A bridge man — that is what someone said to me the other day. He said, “You are a bridge man, building from the past to the present and into the next generation; having served Cleveland/Bradley County law-enforcement for four decades, you are uniquely qualified.”
The statement the man made is both flattering and sobering. Flattering because of some accomplishments I have made over the years in serving and protecting our community. Sobering, because of the formidable task staring us in the face concerning our law-enforcement needs.
Cleveland/Bradley County is growing. I believe the rate of growth will rapidly increase. Many of us remember Murfreesboro as a nice little, quiet town. In just a few years, it has become a bustling city with new roads and many new buildings, along with traffic jams everywhere. This same thing happened to the little, sleepy town of Franklin when Saturn moved there.
Some of us remember the predictions about Cleveland 25 years or so ago when it was being said these things would happen to Cleveland.
The future is now.
Part of a transition to rapidly changing economic and cultural conditions is I must keep the citizens informed of my goals, vision and actions concerning the Sheriff’s Office. I try to do that with this column every week, with news releases and one-on-one contact as I encounter people daily throughout the county. I always have in mind the old adage, “What can be misunderstood, will be misunderstood.”
My goal personally is to continue to grow intellectually and become a better person spiritually as I do my work as a public servant.
Although I have been in law-enforcement many years, I must remain open to new ideas and concepts that are effective in preventing and reducing crime.
Some leaders cannot quickly adapt their thinking to solving the many problems that come at you many times a day when fast -pace growth begins to occur. It can be kind of like that deer in the headlights look.
My senior staff and I continue to study and plan as we meet the law-enforcement needs of Bradley County. We can continue to hold to our community values and still step up to the present day methods.
Since October is Crime Prevention Month, I want to mention a few things about our successes and what I see as problems.
For 201,1 our clearance rate for all offenses was 56.37 percent, which is well above the national average. We arrested 2,930 adults and 149 juveniles for crimes ranging from murder to drug possession.
There were 228 offenses of aggravated assault, 590 cases of simple assault, plus 684 domestic violence incidents. There were 425 drug/narcotic violations of all types of which 413 were cleared. There are always a number of unreported cases as well.
In 2011 we had to hit the ground running. It started off with the tragic murders of a Bradley County couple, and before the year was over there were three more murders. All of these were solved.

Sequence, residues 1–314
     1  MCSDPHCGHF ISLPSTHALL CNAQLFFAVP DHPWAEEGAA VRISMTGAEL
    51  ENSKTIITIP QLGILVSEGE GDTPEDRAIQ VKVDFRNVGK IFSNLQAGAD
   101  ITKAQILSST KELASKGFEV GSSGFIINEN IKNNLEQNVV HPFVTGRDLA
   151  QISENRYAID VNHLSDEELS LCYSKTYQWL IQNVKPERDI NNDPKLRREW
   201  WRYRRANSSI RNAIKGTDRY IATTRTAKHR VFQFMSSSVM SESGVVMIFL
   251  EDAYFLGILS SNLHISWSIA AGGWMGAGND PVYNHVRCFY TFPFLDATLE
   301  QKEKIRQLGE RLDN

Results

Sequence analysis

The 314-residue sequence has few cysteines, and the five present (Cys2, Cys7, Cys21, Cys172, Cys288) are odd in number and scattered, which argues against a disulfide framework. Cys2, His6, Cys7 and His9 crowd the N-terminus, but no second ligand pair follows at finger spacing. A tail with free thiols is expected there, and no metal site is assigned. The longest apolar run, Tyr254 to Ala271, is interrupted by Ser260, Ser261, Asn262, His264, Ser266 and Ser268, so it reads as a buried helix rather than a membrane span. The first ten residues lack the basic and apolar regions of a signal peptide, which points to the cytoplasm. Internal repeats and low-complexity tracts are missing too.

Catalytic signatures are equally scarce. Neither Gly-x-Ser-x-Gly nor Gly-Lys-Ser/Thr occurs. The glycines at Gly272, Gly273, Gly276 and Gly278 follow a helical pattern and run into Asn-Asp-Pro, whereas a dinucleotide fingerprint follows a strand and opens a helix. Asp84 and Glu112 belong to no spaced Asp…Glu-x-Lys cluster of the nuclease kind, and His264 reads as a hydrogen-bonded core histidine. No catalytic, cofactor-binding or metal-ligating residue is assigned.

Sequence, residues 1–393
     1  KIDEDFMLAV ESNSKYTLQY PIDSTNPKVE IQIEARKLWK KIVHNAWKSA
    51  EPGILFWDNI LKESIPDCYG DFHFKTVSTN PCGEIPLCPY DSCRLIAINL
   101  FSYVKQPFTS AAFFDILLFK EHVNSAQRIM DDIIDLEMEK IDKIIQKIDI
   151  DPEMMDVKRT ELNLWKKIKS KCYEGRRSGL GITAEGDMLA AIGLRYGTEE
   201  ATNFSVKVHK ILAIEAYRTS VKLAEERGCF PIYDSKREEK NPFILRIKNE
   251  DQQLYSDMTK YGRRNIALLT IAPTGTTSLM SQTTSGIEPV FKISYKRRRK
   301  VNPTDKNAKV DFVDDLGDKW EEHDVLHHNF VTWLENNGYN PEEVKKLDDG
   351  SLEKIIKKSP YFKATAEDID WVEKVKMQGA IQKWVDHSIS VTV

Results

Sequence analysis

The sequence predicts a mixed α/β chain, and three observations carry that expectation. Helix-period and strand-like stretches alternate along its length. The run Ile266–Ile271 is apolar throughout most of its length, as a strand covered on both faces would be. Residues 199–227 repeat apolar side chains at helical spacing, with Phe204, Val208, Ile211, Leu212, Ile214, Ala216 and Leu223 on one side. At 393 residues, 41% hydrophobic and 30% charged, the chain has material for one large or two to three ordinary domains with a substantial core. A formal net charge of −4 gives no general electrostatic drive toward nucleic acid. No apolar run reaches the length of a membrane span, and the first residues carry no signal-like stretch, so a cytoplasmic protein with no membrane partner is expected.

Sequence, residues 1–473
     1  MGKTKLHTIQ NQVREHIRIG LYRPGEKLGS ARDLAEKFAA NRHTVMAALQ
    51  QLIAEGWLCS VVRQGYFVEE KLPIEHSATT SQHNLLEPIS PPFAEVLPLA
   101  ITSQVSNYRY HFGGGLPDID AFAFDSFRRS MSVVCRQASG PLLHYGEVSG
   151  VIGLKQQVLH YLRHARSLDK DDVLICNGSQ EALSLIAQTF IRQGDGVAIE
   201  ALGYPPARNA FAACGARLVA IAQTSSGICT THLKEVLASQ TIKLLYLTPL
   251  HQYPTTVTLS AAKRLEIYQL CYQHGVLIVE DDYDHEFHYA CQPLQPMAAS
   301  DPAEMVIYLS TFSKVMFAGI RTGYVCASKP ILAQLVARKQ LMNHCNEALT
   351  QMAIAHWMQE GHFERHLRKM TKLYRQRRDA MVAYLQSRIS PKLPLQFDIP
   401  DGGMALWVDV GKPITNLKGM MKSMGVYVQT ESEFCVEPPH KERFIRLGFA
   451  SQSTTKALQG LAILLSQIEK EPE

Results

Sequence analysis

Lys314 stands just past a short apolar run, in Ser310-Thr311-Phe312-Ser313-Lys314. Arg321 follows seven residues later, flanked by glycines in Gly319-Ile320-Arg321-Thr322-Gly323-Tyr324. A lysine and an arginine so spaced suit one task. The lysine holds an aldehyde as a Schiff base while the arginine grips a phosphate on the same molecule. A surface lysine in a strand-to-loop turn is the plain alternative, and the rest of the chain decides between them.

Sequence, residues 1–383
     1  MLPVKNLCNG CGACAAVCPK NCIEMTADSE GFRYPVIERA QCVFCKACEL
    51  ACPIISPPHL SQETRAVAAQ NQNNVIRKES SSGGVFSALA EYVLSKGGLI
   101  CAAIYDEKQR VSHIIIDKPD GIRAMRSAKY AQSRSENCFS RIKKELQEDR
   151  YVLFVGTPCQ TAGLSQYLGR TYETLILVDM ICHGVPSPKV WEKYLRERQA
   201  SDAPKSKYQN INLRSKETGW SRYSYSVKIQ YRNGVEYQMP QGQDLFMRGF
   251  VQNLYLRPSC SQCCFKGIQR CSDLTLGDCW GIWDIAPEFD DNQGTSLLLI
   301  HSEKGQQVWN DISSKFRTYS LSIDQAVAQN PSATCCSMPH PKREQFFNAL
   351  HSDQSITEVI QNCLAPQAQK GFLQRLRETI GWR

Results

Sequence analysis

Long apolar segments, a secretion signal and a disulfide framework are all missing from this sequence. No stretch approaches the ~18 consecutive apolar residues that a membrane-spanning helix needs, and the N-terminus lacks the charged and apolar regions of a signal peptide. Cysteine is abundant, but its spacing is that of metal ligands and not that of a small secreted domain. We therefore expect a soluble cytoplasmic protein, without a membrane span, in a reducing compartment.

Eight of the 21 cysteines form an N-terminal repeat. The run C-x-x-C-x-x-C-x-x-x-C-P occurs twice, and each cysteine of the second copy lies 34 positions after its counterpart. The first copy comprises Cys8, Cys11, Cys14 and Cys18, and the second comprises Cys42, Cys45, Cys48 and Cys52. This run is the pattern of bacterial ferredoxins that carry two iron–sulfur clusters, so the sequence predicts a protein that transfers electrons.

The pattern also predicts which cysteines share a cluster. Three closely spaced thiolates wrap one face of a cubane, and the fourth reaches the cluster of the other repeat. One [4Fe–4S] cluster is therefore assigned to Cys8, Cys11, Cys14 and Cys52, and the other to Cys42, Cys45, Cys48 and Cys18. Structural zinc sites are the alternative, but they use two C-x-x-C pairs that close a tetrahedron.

We, also, had 238 burglaries for the year, and thefts of all kinds, including embezzlements and fraud were 770. All of this is only a partial listing of reported crimes for 2011. Beyond all this I think you should be aware of the fact the Sheriff’s Office answered 114,007 calls for service in 2011. That gives you an idea of just how busy our deputies are and is a real indication of how our community is growing.
As you may recall, I started what I have called “Campaign Lifesaver” in November 2011, with the goal of reducing the number of traffic deaths in Bradley County.
I have tried to bring awareness to the public of this problem, encouraging people to slow down and drive safely.
Our traffic unit and other deputies have increased traffic enforcement, yet with three month to go in this year we are on track to surpass last year’s total of 17 traffic deaths for the entire county, which includes the city. This campaign has not seen the success I have hoped for, which will require us to rethink how we will approach the problem this next year.
A big part of our crime prevention efforts is involving the residents in our communities. This year we had the “Night Out Against Crime” event on Tuesday night.
It was well attended and shows that our residents want to partner with us in the fight against crime.
Also, in the last two years we have established 43 Neighborhood Watch groups in different areas of the county. It is in these efforts, residents working with us, that we can best be effective in this fight against crime.
I want to once again encourage all of our residents to report any suspicious activities and suspicious persons to the 911 Center or to the Sheriff’s Office.
There has been, and certainly will continue to be, a lot of crimes that are prevented or detected by vigorous law-enforcement and the involvement of our neighbors watching out for crime with us.
Thanks for reading.